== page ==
The solution is not to throw the baby out with the bathwater and say: ‘you can never consider race.’ We should make sure that the universities can take race into consideration. The law that already exists presents rigorous tests about whether or not something is acceptable under the constitution. Those tests is what assures that there is as much fairness as possible. Our fear is that this lawsuit will be used as a way to get rid of affirmative action.
But doesn’t the Department of Justice, which just joined suit with Ed Blum and tktk, support affirmative action?
Under the Obama Administration, the Justice Department and the Department of Education created guidance letters that outlined what the law was. Those have been rescinded by the current Justice Department. They are now taking a position that is different from the one that was taken by the Justice Department in the Texas case. We believe that represents backtracking and opposition to the broader question of affirmative action, and that’s what we fear.
Why would getting rid of Affirmative Action be a bad thing?
After a California ballot initiative that banned consideration of race, the impact was immediate. There was a truly remarkable decrease in the number of black, Latino and Indian students who were admitted to the University of California schools. One of the briefs that was submitted in the Harvard case are briefs from California saying denying the ability to consider race hampered school’s ability to get the best, most diverse student body that they could — one that represents the state. This is not a question of qualified vs. unqualified. This is a question of: how do you get a quality, diverse student body by looking at as many factors as you can?
So what’s the problem with focusing on test scores more instead of other factors like race or ethnicity?
The fact that you take test prep courses, in part, measures your ability to afford courses. But the other thing is that SAT scores limited in terms of their predictive value. Test scores are not the final say on who is going to do best. or who is going to graduate. Over-relying on that can have have the impact of both weeding low socioeconomic students and students of color. That’s a real problem.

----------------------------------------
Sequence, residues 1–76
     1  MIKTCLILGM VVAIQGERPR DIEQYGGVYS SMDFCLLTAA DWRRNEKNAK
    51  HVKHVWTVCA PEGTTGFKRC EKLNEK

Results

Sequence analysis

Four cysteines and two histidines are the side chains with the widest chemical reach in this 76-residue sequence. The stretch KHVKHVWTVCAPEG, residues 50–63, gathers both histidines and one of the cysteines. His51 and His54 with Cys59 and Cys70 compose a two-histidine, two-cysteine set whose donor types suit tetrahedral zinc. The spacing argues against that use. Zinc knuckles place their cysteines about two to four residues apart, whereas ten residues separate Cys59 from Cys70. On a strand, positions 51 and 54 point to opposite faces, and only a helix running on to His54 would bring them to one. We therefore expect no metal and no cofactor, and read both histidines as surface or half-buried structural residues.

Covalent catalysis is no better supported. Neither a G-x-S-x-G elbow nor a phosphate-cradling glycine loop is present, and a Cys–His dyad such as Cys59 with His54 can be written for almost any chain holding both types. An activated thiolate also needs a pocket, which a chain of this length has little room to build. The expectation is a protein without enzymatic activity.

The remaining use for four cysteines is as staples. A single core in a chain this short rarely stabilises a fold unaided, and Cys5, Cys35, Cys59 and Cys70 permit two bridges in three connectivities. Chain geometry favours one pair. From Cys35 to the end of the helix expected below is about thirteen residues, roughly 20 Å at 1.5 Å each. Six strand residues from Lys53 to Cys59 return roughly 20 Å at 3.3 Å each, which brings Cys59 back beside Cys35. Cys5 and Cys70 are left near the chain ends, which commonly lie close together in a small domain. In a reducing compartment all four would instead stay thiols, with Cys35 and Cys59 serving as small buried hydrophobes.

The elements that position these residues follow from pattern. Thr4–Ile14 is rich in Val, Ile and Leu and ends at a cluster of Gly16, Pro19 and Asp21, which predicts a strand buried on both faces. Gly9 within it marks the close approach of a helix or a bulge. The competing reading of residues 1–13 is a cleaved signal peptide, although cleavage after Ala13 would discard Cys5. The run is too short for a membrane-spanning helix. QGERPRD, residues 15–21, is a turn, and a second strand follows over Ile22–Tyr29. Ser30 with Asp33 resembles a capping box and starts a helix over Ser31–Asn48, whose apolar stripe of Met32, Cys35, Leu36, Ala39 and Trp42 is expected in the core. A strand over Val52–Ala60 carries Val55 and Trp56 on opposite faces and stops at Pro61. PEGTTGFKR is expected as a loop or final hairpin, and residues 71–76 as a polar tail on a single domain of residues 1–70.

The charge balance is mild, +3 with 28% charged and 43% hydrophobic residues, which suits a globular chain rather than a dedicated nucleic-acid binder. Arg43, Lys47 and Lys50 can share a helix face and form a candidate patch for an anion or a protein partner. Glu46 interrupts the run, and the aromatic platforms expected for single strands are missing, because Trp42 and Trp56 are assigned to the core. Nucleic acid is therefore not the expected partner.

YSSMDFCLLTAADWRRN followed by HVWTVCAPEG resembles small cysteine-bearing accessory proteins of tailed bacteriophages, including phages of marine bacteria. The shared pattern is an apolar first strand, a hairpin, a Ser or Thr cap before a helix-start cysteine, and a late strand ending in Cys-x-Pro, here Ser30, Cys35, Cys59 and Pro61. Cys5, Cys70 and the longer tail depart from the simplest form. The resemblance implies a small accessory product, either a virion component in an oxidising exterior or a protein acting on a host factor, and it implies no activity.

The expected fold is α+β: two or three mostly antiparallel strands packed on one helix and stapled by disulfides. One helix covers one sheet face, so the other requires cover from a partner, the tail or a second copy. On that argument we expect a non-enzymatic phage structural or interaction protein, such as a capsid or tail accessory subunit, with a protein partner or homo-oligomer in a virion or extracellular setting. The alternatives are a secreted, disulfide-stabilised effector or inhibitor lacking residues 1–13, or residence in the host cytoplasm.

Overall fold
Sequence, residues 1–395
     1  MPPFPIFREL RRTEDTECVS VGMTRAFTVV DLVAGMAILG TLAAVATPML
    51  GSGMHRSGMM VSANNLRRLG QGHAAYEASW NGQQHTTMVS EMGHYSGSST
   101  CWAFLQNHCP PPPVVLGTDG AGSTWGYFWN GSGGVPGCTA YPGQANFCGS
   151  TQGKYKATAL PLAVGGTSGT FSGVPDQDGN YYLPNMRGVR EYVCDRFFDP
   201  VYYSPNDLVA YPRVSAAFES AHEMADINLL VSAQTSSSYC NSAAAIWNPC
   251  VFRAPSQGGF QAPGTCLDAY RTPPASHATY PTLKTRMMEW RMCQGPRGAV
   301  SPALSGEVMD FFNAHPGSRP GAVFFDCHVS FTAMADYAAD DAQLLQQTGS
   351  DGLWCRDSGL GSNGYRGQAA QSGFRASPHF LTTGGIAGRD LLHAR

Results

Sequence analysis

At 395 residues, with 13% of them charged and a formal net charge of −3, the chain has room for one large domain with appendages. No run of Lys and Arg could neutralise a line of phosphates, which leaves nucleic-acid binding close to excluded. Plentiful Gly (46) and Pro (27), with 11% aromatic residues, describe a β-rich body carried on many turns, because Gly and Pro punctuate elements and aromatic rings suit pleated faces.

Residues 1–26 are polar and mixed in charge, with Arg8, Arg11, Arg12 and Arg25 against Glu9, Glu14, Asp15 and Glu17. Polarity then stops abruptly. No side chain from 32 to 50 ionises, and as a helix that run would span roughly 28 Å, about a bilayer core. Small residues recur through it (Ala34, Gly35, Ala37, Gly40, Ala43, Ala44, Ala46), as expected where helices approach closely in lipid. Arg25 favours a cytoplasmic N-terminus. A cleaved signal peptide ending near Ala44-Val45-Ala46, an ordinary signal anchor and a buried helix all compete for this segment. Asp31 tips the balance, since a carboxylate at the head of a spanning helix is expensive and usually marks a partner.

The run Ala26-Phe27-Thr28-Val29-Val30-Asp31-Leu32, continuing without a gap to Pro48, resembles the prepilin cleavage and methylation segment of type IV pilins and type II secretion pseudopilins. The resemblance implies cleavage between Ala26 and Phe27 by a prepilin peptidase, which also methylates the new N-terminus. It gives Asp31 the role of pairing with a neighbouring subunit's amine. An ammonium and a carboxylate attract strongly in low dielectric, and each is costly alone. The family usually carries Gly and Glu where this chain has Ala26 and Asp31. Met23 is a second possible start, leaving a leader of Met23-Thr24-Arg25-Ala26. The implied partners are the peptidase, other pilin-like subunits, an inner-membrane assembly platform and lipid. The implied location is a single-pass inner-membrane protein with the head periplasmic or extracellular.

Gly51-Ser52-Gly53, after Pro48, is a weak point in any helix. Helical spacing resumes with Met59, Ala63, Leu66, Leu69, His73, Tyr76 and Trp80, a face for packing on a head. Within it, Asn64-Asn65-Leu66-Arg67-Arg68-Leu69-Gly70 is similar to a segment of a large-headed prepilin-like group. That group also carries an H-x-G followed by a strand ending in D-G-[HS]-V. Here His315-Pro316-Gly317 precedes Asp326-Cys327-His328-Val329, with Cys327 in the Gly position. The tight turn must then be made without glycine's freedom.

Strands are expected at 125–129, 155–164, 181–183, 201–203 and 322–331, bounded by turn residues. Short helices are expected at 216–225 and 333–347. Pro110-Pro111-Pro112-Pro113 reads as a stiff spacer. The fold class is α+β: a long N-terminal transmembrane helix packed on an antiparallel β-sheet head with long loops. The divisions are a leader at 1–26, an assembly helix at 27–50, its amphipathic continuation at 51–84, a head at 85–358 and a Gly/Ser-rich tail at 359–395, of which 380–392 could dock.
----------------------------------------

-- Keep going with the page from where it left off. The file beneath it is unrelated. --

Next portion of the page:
If you were looking to hire a doctor, I doubt you would ask a person what their MCAT score was. You would want to know what their experience is, and when they graduated, what their job experience is. You would want to speak with them to see how empathetic they were; how good they are at explaining things. The thought that you would make a decision as important a admission into schools based solely on test scores is very worrisome.
But if Harvard has legitimate discriminatory issues as it comes to their admissions process, shouldn’t they be punished for that?
Bringing the case on behalf of Asian students represents a very cynical way of achieving that goal on ending affirmative action. Because you’ve pitted one group; one community of color, against others. Asian-Americans are not a monolithic group in which everyone is the same. Is something that’s offensive to a lot of people. In fact, it is likely that affirmative action has helped a large number of Asian American students. Some Asian American students are defending Harvard in this case.
Some evidence that’s been presented suggests that if you were to eliminate considerations of race, it would give a slight boost to the number of Asian applicants who were admitted but the greatest benefit would go to white students, to the detriment of Black, Latino, Indian, and Native American students.
Besides promoting a more diverse student body, what are the benefits of Affirmative Action?
One of the interesting things is that if you look at the briefs that have been supported in the past and now, these affirmative action programs, they come from the army and businesses. All of whom say: “We need to have a cadre of diverse, educated people in order for us to function.”
That’s a recognition of the value that a diverse learning environment gives you over ones that are segregated. It’s not just a question of how does it benefit one small group of students. It’s a question of how it benefits everyone in the school, and ultimately, everyone in the country.